Cutting the meat habit
The Obama administration just announced a potential furlough that would require every meat and poultry inspector in the country to stay home for two weeks, effectively shutting down the meat industry. On behalf of dietitians, I hope the furlough happens — and I hope it never ends. The real savings isn't in keeping thousands of meat inspectors at home and unpaid for a few weeks — it's in keeping meat off Americans' plates and helping them cut the meat habit. The meat industry claims this shutdown would devastate both the industry and consumers. It's true that it would cause chaos in factory farms — and the economies of Texas, Nebraska and Kansas may suffer the most. Texas produces much more beef than any other state with 11.3 million cattle. Nebraska, the second-largest producer, has 6.3 million, and Kansas comes in third with 5.85 million. But a meat industry shutdown would actually give consumers — and their bodies — a much-needed break from the foods that are causing our nation's worst health problems. Americans are addicted to meat. The average American now eats more than 200 pounds of meat a year. This addiction results in higher rates of heart disease, obesity and type 2 diabetes. Withdrawal symptoms may include lower blood pressure, increased energy, and healthy weight loss. After just a few days without meat, people will notice a profound shift and realize how easy it is to follow a meatless diet. I predict that in two weeks or less, the nation's worker productivity will increase, gyms will be fuller, and emergency rooms will have fewer visitors.Over the long-term, the results of a meat-heavy diet are even more devastating. Scientific studies strongly link meat intake to increased rates of heart disease, diabetes, type 2 diabetes, and even cancer. Two-thirds of the population is either overweight or obese. More than 80 million Americans have one or more forms of cardiovascular disease. Cancer strikes one in two men and one in three women. In 2007, the American Institute for Cancer Research reported that convincing evidence from dozens of studies linked red and processed meat intake and colorectal cancer risk. In 2009, researchers with the National Cancer Institute published a study of more than half a million people showing that red and processed meat intake is associated with increased cardiovascular, cancer, and total mortality. Food-borne illness outbreaks are caused by intestinal bacteria in our food supply, and can almost always be traced back to a factory farm. Inspectors are only required to condemn a cut of meat if they see visible feces on the carcass. As a result, contaminated meat and poultry products pass inspection as long as the feces are not visible to the naked eye. Shutting down the meat industry will save money up front — and it will save billions more down the road with lower medical costs and fewer food-borne illness outbreaks.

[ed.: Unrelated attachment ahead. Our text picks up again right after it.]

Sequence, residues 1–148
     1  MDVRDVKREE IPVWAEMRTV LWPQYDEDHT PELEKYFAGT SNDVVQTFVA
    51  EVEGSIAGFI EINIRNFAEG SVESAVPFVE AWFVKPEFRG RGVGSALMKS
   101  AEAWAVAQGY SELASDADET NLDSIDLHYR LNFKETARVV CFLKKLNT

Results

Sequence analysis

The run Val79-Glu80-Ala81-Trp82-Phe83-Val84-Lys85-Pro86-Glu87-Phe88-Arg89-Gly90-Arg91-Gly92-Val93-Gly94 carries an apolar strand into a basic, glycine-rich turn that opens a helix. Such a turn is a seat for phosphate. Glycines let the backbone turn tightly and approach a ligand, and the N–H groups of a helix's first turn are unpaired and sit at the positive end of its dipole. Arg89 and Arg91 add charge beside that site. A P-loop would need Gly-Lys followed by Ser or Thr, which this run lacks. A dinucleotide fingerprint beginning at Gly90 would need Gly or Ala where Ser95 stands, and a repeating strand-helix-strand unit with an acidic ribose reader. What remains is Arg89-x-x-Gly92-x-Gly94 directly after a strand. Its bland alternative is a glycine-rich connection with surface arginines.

Susan Levin is the director of nutrition education with the vegan group Physicians Committee for Responsible Medicine. This essay was distributed by McClatchy-Tribune News Service. The opinions expressed are the writer's own.